Second-line treatment with ramucirumab did not improve overall survival compared with placebo in the full population of patients with advanced hepatocellular carcinoma examined in the phase III REACH study.
Andrew X. Zhu, MD
Second-line treatment with ramucirumab (Cyramza) did not improve overall survival (OS) compared with placebo in the full population of patients with advanced hepatocellular carcinoma (HCC) examined in the phase III REACH study, according to findings published in The Lancet Oncology.1
Lilly Oncology, the company that manufactures the VEGFR-2 inhibitor, had announced the lack of OS benefit in June 2014. Further analyses of the study have been undertaken, including a subgroup analysis presented at the 2015 GI Cancers Symposium, which demonstrated that patients with high expression of alpha-fetoprotein (AFP) did experience an OS benefit with the VEGFR-2 inhibitor.2 Based on these findings, the phase III REACH-2 study was established, with the goal of assessing ramucirumab specifically in patients with AFP-high HCC.
"Further analyses from the REACH study have identified AFP as a potential marker for selecting patients with advanced hepatocellular carcinoma who may benefit from ramucirumab treatment," principal investigator of the REACH trial Andrew X. Zhu, MD, director of Liver Cancer Research at Massachusetts General Hospital Cancer Center, said in a statement. "Advanced liver cancer carries a poor prognosis with limited treatment options. Several phase III studies to date have not been able to demonstrate improved survival in the second-line setting following sorafenib failure."
In the randomized phase III REACH study, 565 patients with HCC were randomized to receive intravenous ramucirumab at 8 mg/kg every 2 weeks (n = 283) or placebo (n = 282). All patients received best supportive care. The primary endpoint was OS in the intention-to-treat population, with progression-free survival (PFS) and other measures of response as secondary endpoints.
In the full population of the study, the median OS was 9.2 months with ramucirumab compared with 7.6 months with placebo (HR = 0.87; 95% CI, 0.72—1.05; P = .14). The numerical difference of 1.6 months between the two arms did not cross the barrier for statistical significant.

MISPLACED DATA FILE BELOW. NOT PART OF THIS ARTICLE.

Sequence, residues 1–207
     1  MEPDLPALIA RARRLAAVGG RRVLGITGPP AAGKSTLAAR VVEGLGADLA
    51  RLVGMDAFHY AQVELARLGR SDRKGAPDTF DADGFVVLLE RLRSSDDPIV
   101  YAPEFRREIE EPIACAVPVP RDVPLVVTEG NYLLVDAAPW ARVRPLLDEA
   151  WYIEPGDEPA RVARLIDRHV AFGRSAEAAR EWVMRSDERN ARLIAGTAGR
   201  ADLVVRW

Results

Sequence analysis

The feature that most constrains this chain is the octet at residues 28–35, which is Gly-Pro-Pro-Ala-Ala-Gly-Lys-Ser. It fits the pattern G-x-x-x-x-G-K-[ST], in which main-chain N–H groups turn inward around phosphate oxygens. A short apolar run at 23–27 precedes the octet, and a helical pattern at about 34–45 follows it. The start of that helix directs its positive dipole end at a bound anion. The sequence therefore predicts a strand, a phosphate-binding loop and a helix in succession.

In the planned analysis of patients with HCC and elevated AFP, the median OS for patients with a baseline AFP >400 ng/mL was 7.8 months in the ramucirumab arm compared with 4.2 months with placebo (HR = 0.674; 95% CI, 0.51-0.90; P = .0059). In contrast, for patients with a baseline AFP <400 ng/mL, OS was 10.1 months with ramucirumab versus 11.8 months for those receiving placebo.
The most frequently reported grade ≥3 adverse events in the ramucirumab arm compared with placebo, respectively, were hypertension (12% vs 4%), malignant neoplasm progression (6% vs 4%), ascites (5% vs 4%), asthenia (5% vs 2%), and thrombocytopenia (5% vs <1%). Malignant neoplasm progression was the most frequently reported serious adverse event.
Some grade ≥3 adverse events were more common with placebo compared with ramucirumab, respectively, including increased aspartate aminotransferase concentration (8% vs 5%), hyperbilirubinaemia (5% vs 1%), and increased blood bilirubin (5% vs 2%). "Globally, a high unmet need exists in second-line hepatocellular carcinoma, and currently there are no therapies approved in the United States, European Union, or Japan to treat patients in this setting," Richard Gaynor, MD, senior vice president, product development and medical affairs for Lilly Oncology, said in a statement. "We are encouraged by the efficacy seen overall in the REACH study, especially in specific subpopulations, and we hope to confirm those results with the new Cyramza phase III trial."
The glycoprotein AFP is overexpressed in approximately 70% of patients with HCC, representing a large population of patients for the REACH-2 trial. This phase III study will compare second-line ramucirumab at 8 mg/kg every 2 weeks with placebo for patients with AFP-elevated advanced HCC. The study plans to enroll 399 participants, with an estimated study completion date of April 2018 (NCT02435433).
In addition to HCC, Ramucirumab has been approved for a number of indications, all within a relatively short timeframe. The agent is approved as a monotherapy and in combination with paclitaxel for patients with gastric cancer. Additionally, ramucirumab is approved in combination with docetaxel for non—small cell lung cancer and with FOLFIRI for patients with colorectal cancer.